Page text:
The Bible can often seem to coincide with an abstract understanding of reality – it speaks not of a world we can’t imagine, but our world, it speaks of the sun, the moon, the birds and the fish, it tells us stories about origin akin to the conclusions of a child’s observation. That, however it may seem compelling to see as evidence of causation, is more likely evidence that whoever truly wrote the book of Genesis was ignorant to many things, and observant of others.
The Sixth Day
And God said, Let the earth bring forth the living creature after his kind, cattle, and creeping thing, and beast of the earth after his kind: and it was so.
And God made the beast of the earth after his kind, and livestock after their kind, and every thing that creepeth upon the earth after his kind: and God saw that it was good.
And God said, Let us make man in our image, after our likeness: and let them have dominion over the fish of the sea, and over the fowl of the air, and over the cattle, and over all the earth, and over every creeping thing that creepeth upon the earth.
Genesis 1:24, 1:25, 1:26
This trend of a child-like perspective continues as God seperates the animals of the Earth not by classification, or identifiable relation to one another, but instead by “livestock” i.e cattle, sheep; “creeping thing”, i.e rodents, insects and the like, and “beasts of the earth” i.e wild animals.
So, according to the Bible, the domestication of animals is invalid, and certain animals were created to serve a purpose. To be seperate from the “beasts of the earth” at the moment of their very creation.
So God created man in his own image, in the image of God created he him; male and female created he them.
And God blessed them, and God said unto them, Be fruitful, and multiply, and replenish the earth, and subdue it: and have dominion over the fish of the sea, and over the fowl of the air, and over every living thing that moveth upon the earth.
Genesis 1:27, 1:28
That’s right. The birds, the fish, the beats of the earth and the creeping things upon it, they were all created for us. Humanity is once again demonstrated as entitled to everything upon the face of the earth, a christian narrative that has lead to heavy doubt on the topic of climate change and the irradication of species in the modern world.
You don’t have to give up meat or denounce the farming or fishing insdustries to recognise that the circle of life, our need for sustinence and our unique position at the top of the food chain don’t give us dominion over anything. Being more efficient, more intelligent and more productive than the animals of this world, it falls on our shoulders to provide for or at least not activley persue them, not the other way around.
And God said, Behold, I have given you every herb bearing seed, which is upon the face of all the earth, and every tree, in the which is the fruit of a tree yielding seed; to you it shall be for meat.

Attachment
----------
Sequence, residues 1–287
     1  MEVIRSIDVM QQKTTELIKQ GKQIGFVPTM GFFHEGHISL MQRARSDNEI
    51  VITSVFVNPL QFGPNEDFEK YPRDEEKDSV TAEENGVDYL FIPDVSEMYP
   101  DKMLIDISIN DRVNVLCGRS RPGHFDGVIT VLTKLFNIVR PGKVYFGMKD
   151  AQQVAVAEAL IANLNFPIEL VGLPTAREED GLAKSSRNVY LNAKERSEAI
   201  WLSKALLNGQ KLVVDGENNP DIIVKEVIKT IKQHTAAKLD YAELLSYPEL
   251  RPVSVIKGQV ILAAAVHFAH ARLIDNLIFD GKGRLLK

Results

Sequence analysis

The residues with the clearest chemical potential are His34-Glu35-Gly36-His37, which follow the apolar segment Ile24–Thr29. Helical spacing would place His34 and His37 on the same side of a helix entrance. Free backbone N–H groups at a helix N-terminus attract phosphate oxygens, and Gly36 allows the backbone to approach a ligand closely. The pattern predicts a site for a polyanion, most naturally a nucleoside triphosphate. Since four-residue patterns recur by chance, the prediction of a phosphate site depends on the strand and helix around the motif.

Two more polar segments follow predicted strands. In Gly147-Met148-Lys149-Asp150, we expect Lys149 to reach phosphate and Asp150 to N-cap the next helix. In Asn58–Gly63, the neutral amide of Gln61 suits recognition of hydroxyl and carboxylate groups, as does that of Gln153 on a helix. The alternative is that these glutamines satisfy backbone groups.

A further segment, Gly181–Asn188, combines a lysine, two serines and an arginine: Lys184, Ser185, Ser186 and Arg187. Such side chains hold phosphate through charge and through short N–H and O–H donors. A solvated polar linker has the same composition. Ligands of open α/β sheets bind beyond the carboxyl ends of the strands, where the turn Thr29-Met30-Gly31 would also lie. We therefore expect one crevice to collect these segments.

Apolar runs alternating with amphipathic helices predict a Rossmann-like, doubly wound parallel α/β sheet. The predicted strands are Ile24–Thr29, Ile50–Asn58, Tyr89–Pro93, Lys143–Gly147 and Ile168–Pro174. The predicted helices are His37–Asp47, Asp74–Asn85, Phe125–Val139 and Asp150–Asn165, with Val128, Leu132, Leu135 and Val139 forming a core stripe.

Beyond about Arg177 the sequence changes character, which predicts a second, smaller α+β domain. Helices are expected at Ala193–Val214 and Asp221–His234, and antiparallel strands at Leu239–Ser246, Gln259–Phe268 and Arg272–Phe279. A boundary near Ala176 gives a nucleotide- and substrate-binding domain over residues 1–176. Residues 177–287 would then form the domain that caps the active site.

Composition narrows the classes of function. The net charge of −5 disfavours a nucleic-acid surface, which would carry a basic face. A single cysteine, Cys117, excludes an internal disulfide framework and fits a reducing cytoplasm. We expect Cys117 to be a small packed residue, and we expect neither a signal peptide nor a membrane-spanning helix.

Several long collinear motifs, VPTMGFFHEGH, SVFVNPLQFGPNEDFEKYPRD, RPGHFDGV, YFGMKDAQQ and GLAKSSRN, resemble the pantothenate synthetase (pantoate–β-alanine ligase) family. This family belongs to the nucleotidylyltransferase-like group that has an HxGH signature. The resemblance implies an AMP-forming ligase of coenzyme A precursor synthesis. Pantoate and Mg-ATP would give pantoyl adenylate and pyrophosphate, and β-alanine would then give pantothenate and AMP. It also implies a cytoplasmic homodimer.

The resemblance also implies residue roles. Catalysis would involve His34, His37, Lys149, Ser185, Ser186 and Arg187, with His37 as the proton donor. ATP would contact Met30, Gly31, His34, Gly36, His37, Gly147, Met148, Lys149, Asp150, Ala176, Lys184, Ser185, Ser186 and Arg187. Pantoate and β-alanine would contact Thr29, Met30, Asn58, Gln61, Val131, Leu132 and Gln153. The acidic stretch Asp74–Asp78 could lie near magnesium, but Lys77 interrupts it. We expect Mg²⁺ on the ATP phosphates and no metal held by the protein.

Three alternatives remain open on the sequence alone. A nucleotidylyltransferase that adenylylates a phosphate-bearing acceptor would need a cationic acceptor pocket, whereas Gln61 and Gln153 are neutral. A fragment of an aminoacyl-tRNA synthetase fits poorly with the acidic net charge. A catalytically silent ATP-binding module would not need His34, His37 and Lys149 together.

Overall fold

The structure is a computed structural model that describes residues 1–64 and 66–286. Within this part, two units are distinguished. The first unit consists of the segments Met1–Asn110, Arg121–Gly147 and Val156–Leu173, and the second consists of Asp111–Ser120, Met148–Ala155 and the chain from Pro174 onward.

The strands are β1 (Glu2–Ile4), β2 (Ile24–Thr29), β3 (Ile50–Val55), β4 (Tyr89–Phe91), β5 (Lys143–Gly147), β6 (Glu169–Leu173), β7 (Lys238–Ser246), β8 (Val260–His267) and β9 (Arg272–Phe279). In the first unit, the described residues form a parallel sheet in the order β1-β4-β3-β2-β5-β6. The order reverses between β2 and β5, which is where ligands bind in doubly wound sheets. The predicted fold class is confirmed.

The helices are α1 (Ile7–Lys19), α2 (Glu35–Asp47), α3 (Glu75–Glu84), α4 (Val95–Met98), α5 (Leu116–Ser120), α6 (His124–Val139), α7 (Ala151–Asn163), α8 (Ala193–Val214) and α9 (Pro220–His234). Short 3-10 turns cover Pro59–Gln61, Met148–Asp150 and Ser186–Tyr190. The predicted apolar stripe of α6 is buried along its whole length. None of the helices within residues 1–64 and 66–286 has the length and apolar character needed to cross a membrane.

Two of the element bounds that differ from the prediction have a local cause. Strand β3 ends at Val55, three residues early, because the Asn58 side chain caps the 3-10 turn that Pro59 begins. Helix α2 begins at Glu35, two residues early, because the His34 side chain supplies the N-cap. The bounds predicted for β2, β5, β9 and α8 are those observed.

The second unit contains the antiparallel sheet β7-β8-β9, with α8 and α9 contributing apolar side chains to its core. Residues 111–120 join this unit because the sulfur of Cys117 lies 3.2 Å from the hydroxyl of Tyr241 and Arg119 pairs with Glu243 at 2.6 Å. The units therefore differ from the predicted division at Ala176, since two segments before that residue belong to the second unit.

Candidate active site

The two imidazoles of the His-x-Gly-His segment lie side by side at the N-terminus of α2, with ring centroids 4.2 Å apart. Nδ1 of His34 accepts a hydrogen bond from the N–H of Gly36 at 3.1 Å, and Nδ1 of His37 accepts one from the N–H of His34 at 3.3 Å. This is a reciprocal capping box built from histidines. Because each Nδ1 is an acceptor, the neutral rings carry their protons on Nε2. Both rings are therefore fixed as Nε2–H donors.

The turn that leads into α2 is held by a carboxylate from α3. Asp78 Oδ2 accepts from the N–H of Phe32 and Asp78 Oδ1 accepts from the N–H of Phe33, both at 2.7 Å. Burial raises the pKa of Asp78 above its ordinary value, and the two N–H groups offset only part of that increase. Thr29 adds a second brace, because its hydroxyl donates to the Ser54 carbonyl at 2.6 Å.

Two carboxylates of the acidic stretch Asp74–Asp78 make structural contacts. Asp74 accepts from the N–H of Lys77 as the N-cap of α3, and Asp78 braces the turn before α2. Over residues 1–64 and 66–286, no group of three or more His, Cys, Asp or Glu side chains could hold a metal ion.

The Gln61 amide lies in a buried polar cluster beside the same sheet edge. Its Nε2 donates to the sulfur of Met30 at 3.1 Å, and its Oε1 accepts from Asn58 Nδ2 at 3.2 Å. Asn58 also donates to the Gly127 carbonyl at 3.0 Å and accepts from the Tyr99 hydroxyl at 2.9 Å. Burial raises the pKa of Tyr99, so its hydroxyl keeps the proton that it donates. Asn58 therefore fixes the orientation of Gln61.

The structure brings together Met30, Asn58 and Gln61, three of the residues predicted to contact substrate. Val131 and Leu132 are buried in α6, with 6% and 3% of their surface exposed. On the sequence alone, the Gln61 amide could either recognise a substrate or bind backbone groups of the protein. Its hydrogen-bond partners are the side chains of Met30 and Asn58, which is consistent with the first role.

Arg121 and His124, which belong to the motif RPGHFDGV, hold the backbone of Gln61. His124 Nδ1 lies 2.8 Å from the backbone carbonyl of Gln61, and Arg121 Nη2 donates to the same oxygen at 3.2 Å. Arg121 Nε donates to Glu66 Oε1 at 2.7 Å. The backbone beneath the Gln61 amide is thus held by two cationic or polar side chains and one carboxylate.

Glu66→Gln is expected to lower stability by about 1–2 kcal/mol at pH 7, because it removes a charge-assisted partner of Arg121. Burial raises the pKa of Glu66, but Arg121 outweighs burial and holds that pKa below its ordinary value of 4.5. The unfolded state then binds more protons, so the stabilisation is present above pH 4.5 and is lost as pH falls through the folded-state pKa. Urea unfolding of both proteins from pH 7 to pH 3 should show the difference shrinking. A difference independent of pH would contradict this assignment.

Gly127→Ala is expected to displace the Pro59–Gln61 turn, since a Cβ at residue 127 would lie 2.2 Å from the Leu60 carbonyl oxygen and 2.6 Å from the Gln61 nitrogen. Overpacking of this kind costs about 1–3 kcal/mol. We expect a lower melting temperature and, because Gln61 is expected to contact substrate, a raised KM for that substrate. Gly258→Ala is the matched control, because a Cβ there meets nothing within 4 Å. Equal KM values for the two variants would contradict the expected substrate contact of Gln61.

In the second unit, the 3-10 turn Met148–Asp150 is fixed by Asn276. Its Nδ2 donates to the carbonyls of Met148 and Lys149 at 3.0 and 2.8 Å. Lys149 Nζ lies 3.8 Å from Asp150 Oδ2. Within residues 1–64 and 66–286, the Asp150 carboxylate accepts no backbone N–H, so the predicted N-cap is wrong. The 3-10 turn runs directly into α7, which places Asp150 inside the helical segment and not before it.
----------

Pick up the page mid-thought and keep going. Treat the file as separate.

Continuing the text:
And to every beast of the earth, and to every fowl of the air, and to every thing that creepeth upon the earth, wherein there is life, I have given every green herb for meat: and it was so.
Genesis 1:29, 1:30
The real idea here behind the process of creation is to show that God creates things in the order of necesity. He creates the earth, then the life to grow upon it, then the creatures to populate it and eat from those plants, then humans, to reign over and live off of the creatures of the planet. In effect, it’s an attempt to show God as one step ahead of himself each day – but just when it seems God may just spend his infinite time as a divine being constantly adding to and improving on our earth, he’s finished.
And God saw every thing that he had made, and, behold, it was very good. And the evening and the morning were the sixth day.
“It was very good” he had said. It’s sort of a funny quote, really. If Genesis was true, and it really was very good at the time, the proceeding books of Joshua, Leviticus, Revelation, and many more would overshadow any innocence and goodness in the world that God created in the beginning.
And keep that in mind, this is only the beginning. There’s so much to unpack in scripture, and barely any of it is good. What are we to learn from Genesis I? Because I found nothing but lies, misinformation, and the planting of a seed in the minds of humans who follow the God we’ve been introduced to – that everything is about you. About your story. Your journey. This world, these plants, these animals, the sky and the very earth you stand on, it’s all for you. Not God.
God is simply a vessel your mind takes to reach new levels of entitlement and narcisism, and contradictory to what the church would have you think, Genesis is a great place to start when you’re on the path to realising that. I truly believe that the more you read the Bible, the more you disagree with theists, or at least, their advocation for their specific domination.